A few weeks ago, my local Co-Op store was taken over by McColl’s Retail (LSE: MCLS), and I confess it’s a company I hadn’t really looked at as an investment possibility.
But now that I have, I like what I’m seeing. It’s a smaller company with a market cap of under £240m, yet it’s handing out dividends that bigger supermarket chains like Tesco have only been able to dream of in recent years.
The 10.2p per share paid by McColl’s in 2017 provided a yield of 5.7%, and the only reason the 10.3p forecast for this year would yield only 5.1% is that the share price has appreciated in the meantime — it’s up 29% over the past 12 months to 207p. The yield is expected to rise to 5.5% in 2018, so it’s progressive as well — and it’s well covered by earnings, so it should be reliable.
McColl’s looks to me to be filling the convenience store niche very well, without suffering from the trading hours restrictions of some of its larger peers. And with opening hours of 07:00-22:00 every day of the week (at my local branch at least — some open for shorter, but still, impressive hours), it competes well with corner shops but with bigger inventory and better prices.
Earnings are predicted to rise sharply in 2018, dropping the P/E to about 2 and giving us a PEG of 0.3, so we’re looking at a great dividend payer with a growth share valuation, too! Can’t be bad.
Specialist motor lender S & U (LSE: SUS) has been doing very well, reporting a 34% revenue rise in the year ended January 2017, and a pre-tax profit gain of 29% with basic EPS up 28%.
It was the company’s “17th successive year of record pre-tax profits“, with chairman Anthony Coombs waxing of “Brexit, Trump and another record set of results from S&U, plus ca change…” — I think I like him!
With the exception of a small fall the year before, that represents steady year-on-year rises in earnings, with EPS up two and a quarter fold in five years. What’s more, there are two more years of big rises forecast which would put the shares on PEG valuations of 0.6 for both 2018 and 2019.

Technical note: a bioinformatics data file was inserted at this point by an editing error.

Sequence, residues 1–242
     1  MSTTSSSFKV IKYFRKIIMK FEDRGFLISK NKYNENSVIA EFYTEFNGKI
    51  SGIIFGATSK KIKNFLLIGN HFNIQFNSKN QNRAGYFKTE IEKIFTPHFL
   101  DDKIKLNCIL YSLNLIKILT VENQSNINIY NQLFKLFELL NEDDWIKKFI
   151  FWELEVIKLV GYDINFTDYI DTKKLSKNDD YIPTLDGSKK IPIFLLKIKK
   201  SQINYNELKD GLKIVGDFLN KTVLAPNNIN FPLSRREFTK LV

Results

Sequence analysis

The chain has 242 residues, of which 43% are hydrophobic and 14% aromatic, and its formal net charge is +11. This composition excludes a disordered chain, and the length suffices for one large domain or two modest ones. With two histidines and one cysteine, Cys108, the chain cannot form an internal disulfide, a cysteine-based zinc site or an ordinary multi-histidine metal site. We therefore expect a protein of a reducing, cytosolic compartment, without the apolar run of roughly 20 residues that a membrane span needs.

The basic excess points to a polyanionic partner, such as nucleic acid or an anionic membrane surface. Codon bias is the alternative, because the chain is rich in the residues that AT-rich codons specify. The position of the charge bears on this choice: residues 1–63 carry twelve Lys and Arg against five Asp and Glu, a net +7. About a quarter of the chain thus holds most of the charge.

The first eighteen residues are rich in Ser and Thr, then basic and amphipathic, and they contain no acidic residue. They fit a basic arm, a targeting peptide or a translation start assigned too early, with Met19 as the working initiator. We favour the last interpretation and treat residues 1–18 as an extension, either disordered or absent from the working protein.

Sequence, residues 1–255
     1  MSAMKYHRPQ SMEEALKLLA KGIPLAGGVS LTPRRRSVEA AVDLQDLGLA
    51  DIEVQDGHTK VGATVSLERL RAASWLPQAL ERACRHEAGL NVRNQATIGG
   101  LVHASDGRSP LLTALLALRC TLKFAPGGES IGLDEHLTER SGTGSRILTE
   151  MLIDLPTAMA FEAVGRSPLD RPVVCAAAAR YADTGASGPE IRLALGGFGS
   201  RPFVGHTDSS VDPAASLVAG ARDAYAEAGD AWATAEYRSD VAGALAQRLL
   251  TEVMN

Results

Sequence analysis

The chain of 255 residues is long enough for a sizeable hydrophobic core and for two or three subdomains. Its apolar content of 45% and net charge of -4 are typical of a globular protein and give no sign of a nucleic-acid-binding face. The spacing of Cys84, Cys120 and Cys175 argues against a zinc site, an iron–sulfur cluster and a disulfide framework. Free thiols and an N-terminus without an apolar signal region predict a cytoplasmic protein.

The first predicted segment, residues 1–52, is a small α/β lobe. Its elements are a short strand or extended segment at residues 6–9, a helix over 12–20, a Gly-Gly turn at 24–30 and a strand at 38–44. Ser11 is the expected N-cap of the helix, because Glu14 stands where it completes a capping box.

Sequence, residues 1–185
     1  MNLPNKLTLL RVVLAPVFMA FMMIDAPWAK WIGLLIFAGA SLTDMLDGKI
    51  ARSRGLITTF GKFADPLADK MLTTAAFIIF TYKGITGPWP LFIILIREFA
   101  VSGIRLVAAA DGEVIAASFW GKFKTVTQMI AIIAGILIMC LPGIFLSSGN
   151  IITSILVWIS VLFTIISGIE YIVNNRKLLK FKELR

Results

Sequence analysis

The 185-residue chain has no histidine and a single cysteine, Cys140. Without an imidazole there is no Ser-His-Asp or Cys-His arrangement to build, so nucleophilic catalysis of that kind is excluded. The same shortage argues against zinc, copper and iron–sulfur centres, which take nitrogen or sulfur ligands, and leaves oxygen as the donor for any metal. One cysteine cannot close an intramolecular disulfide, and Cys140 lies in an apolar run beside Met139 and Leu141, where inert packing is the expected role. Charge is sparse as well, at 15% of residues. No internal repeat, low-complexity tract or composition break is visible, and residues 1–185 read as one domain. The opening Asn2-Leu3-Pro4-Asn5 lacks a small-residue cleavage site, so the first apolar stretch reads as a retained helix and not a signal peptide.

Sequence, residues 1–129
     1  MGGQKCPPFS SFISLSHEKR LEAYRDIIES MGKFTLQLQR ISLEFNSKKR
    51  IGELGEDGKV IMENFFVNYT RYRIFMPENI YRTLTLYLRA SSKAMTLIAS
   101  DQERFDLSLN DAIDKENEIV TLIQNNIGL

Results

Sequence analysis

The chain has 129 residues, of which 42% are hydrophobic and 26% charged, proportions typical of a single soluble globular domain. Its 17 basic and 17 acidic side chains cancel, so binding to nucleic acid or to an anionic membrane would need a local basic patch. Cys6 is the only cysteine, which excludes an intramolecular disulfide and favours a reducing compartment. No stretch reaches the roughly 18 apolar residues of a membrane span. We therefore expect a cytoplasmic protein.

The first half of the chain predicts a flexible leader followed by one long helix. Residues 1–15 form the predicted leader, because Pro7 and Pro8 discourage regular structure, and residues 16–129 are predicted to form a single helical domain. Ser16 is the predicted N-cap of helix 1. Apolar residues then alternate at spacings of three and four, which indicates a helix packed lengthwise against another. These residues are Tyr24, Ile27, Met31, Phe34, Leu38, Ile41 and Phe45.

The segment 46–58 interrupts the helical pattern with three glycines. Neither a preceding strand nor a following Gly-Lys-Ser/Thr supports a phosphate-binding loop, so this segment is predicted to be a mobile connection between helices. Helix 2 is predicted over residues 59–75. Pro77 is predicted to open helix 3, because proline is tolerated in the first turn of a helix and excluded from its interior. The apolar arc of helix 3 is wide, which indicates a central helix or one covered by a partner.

That’s an impressive-looking growth share, I’d say, with a P/E that would drop to under nine in 2019 on today’s price of 2,100p.
But wait, I’m suggesting S & U as a top dividend share! The thing it, it looks like that too, and we’ve seen a strongly progressive dividend grow from 46p per share in 2013, as far as 91p in the year just ended, for a 4.4% yield. Forecasts would see the annual payment being boosted to 104p in the current year and then on to 115p, for yields of 5.1% and 5.6%.
These dividends are around twice covered by earnings, so they’re looking safe to me. And the big annual rises are easily wiping the floor with inflation.
How long can these levels of growth and dividend rises continue? Well, there’s sure to be more competition coming along, and growth must eventually slow, but I see a good few years yet before that happens — in the words of Mr Coombs, “Notwithstanding best efforts of the nation’s economic forecasters, the used car market in the UK […] remains strong“.
I reckon this is another great dividend and growth combination.
Growth with dividends
In the tough decision of whether to go for growth or dividends, what better than shares like these two that can provide both? And if you want to learn about another candidate, check out our Top Growth Share From The Motley Fool report.
The past five years have brought in double-digit annual earnings growth, and the City's experts are predicting two more years of solid rises on top of that. And there's a progressive dividend policy to add to the mix.
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Alan Oscroft has no position in any shares mentioned. The Motley Fool UK has no position in any of the shares mentioned. Views expressed on the companies mentioned in this article are those of the writer and therefore may differ from the official recommendations we make in our subscription services such as Share Advisor, Hidden Winners and Pro. Here at The Motley Fool we believe that considering a diverse range of insights makes us better investors.